IMF says budget was pretty good

Take note – story published 8 years ago

Not for the first time, the experts of the International Monetary Fund (IMF) on Wednesday gave a rather different opinion about economic matters than Latvia's central bank governor Ilmars Rimsevics.

Just five days after Rimsevics gave a decidedly lukewarm reception to the 2016 budget, the IMF delivered a notably more upbeat verdict on its balance of revenue and expenditure.

"The 2016 budget is broadly appropriate. It strikes a balance between delivering the needed fiscal consolidation and supporting growth, while being broadly consistent with Latvia’s own fiscal rules, and its European Union fiscal commitments," the IMF said at the end of its latest research mission to the country.

"Measures to enhance revenues are welcome, including not reducing the PIT, introducing the so-called Solidarity Tax, and others to broaden the tax base. This should be complemented by further efforts to tackle the shadow economy and deficiencies in tax collection," the IMF said in marked contrast to Rimsevics criticism of what he termed "brutal" tax rises.

"Furthermore, effort should be made to shift the revenue burden towards property taxes, and more is needed to address inequality, including enhancing the Guaranteed Minimum Income (GMI) benefits. At the same time it will be be important to ensure the efficiency of public spending informed by a review of expenditures," the IMF added.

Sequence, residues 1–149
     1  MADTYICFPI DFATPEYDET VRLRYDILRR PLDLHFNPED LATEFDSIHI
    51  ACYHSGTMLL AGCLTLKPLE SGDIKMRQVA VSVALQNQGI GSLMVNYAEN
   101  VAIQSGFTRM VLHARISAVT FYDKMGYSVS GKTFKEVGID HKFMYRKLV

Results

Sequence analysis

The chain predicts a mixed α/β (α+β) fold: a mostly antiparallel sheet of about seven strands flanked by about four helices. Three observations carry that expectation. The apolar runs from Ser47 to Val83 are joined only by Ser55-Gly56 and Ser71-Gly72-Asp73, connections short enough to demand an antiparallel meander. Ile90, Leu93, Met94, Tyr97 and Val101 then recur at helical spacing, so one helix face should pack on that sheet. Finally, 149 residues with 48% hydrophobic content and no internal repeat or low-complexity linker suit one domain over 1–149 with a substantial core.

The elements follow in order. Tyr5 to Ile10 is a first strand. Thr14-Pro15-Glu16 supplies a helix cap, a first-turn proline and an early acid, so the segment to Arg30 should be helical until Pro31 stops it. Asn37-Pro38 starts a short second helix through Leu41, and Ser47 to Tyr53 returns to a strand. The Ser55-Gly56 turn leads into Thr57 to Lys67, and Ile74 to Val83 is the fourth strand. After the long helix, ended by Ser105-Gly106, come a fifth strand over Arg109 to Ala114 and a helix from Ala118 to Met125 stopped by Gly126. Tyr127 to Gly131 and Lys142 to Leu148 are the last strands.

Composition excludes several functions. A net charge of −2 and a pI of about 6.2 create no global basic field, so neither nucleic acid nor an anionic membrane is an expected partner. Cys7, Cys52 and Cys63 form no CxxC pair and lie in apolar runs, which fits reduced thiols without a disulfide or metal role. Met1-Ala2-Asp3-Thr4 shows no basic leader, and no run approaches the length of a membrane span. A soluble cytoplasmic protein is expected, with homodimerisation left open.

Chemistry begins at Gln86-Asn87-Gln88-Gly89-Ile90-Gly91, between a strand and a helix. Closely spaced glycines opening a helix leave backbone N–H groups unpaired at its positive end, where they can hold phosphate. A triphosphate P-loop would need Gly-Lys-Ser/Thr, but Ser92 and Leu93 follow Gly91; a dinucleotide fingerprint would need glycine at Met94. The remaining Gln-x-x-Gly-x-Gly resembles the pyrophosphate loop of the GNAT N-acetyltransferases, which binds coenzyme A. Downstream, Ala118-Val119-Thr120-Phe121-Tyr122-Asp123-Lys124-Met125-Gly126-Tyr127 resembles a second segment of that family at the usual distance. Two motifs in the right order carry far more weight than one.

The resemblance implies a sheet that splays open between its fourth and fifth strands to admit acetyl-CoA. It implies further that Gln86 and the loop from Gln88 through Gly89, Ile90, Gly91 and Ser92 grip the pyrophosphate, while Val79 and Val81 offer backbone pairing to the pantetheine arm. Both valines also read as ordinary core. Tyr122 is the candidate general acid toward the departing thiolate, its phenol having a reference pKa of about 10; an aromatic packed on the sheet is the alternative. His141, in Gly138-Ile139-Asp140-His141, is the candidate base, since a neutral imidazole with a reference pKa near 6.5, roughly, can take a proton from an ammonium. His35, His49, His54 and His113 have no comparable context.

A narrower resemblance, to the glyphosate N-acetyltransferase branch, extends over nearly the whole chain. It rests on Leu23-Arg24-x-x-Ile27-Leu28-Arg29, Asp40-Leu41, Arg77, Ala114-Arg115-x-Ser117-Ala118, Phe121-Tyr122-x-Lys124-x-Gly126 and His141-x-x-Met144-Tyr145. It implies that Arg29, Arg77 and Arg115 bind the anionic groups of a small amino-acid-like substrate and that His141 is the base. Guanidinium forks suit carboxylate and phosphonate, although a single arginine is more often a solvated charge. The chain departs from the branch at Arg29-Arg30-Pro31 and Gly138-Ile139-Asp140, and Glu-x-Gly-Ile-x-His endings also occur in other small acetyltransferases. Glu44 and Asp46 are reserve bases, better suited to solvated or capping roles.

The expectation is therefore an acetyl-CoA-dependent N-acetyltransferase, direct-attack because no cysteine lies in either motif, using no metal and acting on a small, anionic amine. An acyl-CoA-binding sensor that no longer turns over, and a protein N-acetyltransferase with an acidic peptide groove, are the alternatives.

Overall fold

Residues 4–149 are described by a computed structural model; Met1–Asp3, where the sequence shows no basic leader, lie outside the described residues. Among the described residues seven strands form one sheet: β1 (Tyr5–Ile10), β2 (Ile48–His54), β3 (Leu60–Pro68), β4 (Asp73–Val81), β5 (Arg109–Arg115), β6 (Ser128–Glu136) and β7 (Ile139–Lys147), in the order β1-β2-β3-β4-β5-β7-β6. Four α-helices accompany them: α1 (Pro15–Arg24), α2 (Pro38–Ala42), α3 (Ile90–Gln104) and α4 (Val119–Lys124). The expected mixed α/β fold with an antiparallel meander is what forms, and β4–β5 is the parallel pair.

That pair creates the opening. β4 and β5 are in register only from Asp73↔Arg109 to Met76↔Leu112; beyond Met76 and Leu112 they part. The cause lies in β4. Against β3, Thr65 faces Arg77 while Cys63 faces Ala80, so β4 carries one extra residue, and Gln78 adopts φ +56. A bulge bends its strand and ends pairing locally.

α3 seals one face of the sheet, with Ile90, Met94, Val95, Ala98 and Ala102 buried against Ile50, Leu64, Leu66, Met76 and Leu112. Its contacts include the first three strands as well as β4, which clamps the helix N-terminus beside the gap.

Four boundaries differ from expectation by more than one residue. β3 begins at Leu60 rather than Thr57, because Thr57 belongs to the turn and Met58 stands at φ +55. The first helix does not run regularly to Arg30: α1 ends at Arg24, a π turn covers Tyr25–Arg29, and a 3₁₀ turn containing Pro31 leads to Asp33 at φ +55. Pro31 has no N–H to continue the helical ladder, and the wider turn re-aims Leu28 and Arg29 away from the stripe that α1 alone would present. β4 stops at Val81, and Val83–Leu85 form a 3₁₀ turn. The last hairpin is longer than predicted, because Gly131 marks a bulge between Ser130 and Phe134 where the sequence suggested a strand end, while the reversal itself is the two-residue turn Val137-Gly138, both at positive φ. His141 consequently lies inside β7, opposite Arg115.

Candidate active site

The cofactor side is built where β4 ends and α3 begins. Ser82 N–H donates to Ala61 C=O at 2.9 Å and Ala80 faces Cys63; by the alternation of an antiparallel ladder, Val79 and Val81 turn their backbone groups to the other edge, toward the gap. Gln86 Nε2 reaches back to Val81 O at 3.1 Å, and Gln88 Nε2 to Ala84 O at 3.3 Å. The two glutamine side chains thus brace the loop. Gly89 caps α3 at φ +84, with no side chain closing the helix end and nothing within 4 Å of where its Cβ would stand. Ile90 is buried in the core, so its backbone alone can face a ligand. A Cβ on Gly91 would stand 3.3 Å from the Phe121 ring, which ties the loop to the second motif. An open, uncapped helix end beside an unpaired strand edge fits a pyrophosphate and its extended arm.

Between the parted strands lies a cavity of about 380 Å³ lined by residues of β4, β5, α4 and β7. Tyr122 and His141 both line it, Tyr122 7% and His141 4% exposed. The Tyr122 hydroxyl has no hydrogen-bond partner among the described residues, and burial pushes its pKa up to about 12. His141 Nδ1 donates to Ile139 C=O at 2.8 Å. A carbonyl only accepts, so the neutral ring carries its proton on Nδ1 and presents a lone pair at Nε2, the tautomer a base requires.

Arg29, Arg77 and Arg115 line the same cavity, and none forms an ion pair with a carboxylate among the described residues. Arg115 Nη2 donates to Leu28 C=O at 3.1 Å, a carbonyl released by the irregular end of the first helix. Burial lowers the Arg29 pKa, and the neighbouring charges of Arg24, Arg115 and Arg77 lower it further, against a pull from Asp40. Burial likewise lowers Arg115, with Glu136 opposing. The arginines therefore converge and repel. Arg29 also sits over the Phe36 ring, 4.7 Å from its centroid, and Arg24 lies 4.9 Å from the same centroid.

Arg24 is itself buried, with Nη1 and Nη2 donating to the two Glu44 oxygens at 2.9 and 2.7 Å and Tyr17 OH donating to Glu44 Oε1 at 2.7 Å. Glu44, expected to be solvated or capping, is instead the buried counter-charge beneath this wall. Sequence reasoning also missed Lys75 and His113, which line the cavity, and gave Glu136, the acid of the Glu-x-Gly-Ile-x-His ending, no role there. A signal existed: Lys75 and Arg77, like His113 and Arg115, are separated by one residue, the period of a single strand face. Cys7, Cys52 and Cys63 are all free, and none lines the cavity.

"Latvia continues to make steady progress. Unemployment continues to fall, and now stands at just under 10 percent, half its crisis peak. The current account deficit remains modest, and inflation is picking up slowly towards the euro area target. While overall economic sentiment shows little change, consumer confidence has reached levels not seen since the crisis. The supply of bank lending, though still shrinking, shows some signs of stabilizing," the organization concluded in a generally upbeat assessment.

The medium-term outlook is favorable, but there are risks linked to prolonged stagnation in the euro area, and a deepening of geopolitical tensions could adversely affect both the real and financial sectors, the IMF warned.

"In such an environment, there is a need for continued vigilance, adequate buffers, and prudent policy making," it concluded.

Seen a mistake?

Select text and press Ctrl+Enter to send a suggested correction to the editor

Select text and press Report a mistake to send a suggested correction to the editor

Related articles


Most important